He analysed 300 influential ideas and concludes that the fourth quadrant is the most productive, which fits in with my belief that creativity is an inner drive, not an outer financial one (see 1st section of this earlier post).
Let’s start with the delightful video Drive: The surprising truth about what motivates us (10:48) that says that when performing mechanical tasks, an incentive such as money improves performance, but when the task is intellectual, it doesn’t! In fact, it leads to lower performance. Instead, the motivators are autonomy, mastery and purpose.
In the U.S., Article I, Section 8, Clause 8 of the Constitution allows government
“To promote the Progress of Science and useful Arts, by securing for limited Times to Authors and Inventors the exclusive Right to their respective Writings and Discoveries.”
In other words, “we’ll pay for your creativity”, but as the video shows, it doesn’t work that way.
The second argument against copyright is its duration. Early copyright acts typically granted 14 years with a possible 14-year extension. It has been progressively extended to 42, 56, 74, 95 and 105 years, though the details vary by country and circumstance, e.g. in the U.S. it is the life of the author plus 70 years.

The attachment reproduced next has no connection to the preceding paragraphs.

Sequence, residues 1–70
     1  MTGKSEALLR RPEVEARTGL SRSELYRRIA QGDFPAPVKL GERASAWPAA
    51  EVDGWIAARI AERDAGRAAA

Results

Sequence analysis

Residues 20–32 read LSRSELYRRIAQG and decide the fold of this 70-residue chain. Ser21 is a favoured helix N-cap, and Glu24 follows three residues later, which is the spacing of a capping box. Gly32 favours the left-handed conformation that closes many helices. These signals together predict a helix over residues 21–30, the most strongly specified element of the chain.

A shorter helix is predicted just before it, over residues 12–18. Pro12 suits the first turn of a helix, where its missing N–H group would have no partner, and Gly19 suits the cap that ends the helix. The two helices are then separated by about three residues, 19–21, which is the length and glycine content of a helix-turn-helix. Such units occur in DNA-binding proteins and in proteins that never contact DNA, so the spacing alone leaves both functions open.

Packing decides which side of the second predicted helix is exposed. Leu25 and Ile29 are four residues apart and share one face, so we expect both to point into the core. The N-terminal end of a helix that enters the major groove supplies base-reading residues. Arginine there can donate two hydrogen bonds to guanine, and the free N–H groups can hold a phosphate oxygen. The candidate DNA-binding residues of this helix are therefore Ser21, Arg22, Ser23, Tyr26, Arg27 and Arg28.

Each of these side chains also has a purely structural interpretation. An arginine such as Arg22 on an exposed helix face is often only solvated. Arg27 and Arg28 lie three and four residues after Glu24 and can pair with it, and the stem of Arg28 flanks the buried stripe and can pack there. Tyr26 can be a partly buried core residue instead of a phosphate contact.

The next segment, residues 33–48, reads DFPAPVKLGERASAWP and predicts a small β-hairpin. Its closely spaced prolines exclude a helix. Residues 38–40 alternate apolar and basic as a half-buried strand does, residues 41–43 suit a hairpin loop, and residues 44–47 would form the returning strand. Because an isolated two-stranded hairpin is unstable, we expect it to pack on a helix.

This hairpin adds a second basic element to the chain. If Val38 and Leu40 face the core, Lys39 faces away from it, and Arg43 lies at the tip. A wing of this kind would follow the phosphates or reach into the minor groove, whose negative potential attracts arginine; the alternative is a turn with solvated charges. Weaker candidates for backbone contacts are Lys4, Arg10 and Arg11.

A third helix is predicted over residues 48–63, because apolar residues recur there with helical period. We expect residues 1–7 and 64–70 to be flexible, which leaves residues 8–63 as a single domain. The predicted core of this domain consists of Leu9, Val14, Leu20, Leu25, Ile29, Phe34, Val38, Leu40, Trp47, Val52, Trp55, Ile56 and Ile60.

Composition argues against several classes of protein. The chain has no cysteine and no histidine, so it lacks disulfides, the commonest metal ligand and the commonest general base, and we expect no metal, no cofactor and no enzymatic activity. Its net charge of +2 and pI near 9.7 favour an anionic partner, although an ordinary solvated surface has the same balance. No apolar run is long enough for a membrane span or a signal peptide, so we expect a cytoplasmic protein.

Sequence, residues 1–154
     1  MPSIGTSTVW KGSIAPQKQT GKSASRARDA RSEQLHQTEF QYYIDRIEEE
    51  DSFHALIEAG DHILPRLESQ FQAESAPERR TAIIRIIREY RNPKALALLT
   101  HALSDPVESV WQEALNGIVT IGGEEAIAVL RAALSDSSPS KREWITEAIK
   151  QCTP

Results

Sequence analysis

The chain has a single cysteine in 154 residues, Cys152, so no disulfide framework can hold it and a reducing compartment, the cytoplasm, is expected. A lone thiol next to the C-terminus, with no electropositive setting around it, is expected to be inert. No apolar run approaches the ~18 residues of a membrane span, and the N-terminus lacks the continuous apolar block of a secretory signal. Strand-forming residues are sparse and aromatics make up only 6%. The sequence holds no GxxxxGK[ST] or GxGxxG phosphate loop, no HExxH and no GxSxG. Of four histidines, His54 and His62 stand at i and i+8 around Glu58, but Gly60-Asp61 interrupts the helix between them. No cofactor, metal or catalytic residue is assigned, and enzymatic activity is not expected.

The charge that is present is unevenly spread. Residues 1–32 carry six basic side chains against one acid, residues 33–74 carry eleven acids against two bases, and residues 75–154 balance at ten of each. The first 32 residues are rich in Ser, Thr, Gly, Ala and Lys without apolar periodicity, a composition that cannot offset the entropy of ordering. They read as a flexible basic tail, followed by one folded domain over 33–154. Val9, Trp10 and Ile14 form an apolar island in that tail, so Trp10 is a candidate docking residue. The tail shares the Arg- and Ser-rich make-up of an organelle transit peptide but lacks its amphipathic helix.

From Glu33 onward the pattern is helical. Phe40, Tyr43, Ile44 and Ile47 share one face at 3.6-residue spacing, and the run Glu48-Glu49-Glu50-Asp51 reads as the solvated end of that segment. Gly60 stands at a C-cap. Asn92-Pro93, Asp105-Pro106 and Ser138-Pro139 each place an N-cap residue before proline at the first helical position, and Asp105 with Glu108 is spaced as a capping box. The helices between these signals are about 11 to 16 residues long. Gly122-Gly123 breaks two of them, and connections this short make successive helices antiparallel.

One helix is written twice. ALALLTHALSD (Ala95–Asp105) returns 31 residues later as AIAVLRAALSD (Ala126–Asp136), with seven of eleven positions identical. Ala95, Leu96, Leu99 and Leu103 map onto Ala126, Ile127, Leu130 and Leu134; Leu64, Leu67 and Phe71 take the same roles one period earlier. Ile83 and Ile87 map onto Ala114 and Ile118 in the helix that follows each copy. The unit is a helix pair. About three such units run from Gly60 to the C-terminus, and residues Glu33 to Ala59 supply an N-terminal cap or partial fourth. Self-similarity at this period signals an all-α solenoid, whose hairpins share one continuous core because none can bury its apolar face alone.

The idea that these extended terms are what motivates an author to write is preposterous. “Only now that I know my grand-children will benefit from its success, will I write that block-buster novel.” No, people write for many reasons: they want to communicate, they want to discover themselves, they want to change the world, and making money is simply one reason on this list. (I use writing in this example, but the same arguments apply to music, photography, video and art.)
The third weakness of copyright stems from the Berne Convention, which automatically grants copyright upon creation of the work. (The U.S. came into line with this in 1988.) This, like the copyright clause, may have had the laudatory aim of supporting artists, but its effect, in conjunction with the extended durations described above, is to lock up culture in a private zone for a hundred years. No longer is it available for use or reuse.